Journal of Neural Transmission | 2019
Mesenchymal stem cells inhibited the inflammation and oxidative stress in LPS-activated microglial cells through AMPK pathway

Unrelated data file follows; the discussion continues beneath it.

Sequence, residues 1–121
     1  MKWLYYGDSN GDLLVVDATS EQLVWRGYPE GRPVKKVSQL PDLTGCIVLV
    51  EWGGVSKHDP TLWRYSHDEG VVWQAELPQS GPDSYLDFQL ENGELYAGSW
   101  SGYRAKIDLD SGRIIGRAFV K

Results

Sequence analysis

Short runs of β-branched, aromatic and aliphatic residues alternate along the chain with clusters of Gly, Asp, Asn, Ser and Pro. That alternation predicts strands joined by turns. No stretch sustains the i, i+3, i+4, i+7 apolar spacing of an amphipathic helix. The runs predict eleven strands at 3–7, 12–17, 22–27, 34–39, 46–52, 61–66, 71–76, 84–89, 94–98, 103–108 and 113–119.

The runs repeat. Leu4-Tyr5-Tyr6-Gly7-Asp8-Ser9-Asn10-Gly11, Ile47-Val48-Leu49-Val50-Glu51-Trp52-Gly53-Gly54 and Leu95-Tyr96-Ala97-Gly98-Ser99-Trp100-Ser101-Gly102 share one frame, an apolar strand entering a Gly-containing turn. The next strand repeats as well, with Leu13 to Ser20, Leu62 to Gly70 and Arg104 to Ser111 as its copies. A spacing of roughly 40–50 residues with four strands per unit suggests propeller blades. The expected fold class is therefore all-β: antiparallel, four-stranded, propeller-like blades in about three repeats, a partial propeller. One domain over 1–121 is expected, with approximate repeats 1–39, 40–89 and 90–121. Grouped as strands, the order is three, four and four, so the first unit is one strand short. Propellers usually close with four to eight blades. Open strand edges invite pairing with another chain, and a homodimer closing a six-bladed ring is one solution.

Microglia are the resident mononuclear immune cells of the central nervous system (CNS) and the activation of microglia contributes to the production of excessive neurotoxic factors. In particular, the overproduction of neurotoxic factors has critical effects on the development of brain injuries and neurodegenerative diseases. The human bone marrow-derived mesenchymal stem cells (hBM-MSCs) have blossomed into an effective approach with great potential for the treatment of neurodegenerative diseases and gliomas. The present study aimed to investigate the mechanism behind the therapeutic effect of hBM-MSCs on the activation of microglia in vitro. Specifically, the hBM-MSCs significantly inhibited the proliferation of lipopolysaccharide-activated microglial cells (LPS)-activated microglial cells. Additionally, we investigated whether the adenosine-monophosphate-activated protein kinase signaling (AMPK) pathway was involved in this process. Our data demonstrated that hBM-MSCs significantly increased the phosphorylated AMPK in LPS-activated microglial cells. In addition, our study indicated the inhibitory effect of hBM-MSCs on the pro-inflammatory mediators and oxidative stress by the AMPK pathway in LPS-activated microglial cells. These results could shed light on the understanding of the molecular basis for the inhibition of hBM-MSCs on LPS-activated microglial cells and provide a molecular mechanism for the hBM-MSCs implication in brain injuries and neurodegenerative diseases.